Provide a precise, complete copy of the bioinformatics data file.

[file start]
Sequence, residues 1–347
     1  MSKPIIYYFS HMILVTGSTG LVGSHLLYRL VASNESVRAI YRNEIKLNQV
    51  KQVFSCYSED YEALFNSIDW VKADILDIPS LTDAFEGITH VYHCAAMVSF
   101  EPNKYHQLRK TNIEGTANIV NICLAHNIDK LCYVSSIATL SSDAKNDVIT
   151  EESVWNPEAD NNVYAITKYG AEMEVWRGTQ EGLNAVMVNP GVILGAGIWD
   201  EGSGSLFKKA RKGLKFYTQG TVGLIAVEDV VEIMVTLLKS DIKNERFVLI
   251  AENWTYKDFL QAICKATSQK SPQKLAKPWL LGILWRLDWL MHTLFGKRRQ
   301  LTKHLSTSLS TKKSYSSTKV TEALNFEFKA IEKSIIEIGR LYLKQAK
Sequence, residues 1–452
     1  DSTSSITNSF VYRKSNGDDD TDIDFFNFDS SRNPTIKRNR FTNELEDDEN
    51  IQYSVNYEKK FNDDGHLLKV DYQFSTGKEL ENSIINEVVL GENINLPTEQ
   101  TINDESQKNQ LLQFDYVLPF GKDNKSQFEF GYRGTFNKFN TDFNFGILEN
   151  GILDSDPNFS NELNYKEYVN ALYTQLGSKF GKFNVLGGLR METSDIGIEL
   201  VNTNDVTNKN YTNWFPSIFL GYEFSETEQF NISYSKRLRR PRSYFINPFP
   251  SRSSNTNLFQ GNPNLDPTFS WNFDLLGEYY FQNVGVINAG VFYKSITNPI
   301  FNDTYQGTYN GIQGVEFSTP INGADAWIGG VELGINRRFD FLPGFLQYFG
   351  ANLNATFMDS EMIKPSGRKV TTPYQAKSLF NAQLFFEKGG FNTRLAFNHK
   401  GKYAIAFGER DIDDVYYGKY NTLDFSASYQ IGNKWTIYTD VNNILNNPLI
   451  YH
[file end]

Sequence, residues 1–347
     1  MSKPIIYYFS HMILVTGSTG LVGSHLLYRL VASNESVRAI YRNEIKLNQV
    51  KQVFSCYSED YEALFNSIDW VKADILDIPS LTDAFEGITH VYHCAAMVSF
   101  EPNKYHQLRK TNIEGTANIV NICLAHNIDK LCYVSSIATL SSDAKNDVIT
   151  EESVWNPEAD NNVYAITKYG AEMEVWRGTQ EGLNAVMVNP GVILGAGIWD
   201  EGSGSLFKKA RKGLKFYTQG TVGLIAVEDV VEIMVTLLKS DIKNERFVLI
   251  AENWTYKDFL QAICKATSQK SPQKLAKPWL LGILWRLDWL MHTLFGKRRQ
   301  LTKHLSTSLS TKKSYSSTKV TEALNFEFKA IEKSIIEIGR LYLKQAK
Sequence, residues 1–452
     1  DSTSSITNSF VYRKSNGDDD TDIDFFNFDS SRNPTIKRNR FTNELEDDEN
    51  IQYSVNYEKK FNDDGHLLKV DYQFSTGKEL ENSIINEVVL GENINLPTEQ
   101  TINDESQKNQ LLQFDYVLPF GKDNKSQFEF GYRGTFNKFN TDFNFGILEN
   151  GILDSDPNFS NELNYKEYVN ALYTQLGSKF GKFNVLGGLR METSDIGIEL
   201  VNTNDVTNKN YTNWFPSIFL GYEFSETEQF NISYSKRLRR PRSYFINPFP
   251  SRSSNTNLFQ GNPNLDPTFS WNFDLLGEYY FQNVGVINAG VFYKSITNPI
   301  FNDTYQGTYN GIQGVEFSTP INGADAWIGG VELGINRRFD FLPGFLQYFG
   351  ANLNATFMDS EMIKPSGRKV TTPYQAKSLF NAQLFFEKGG FNTRLAFNHK
   401  GKYAIAFGER DIDDVYYGKY NTLDFSASYQ IGNKWTIYTD VNNILNNPLI
   451  YH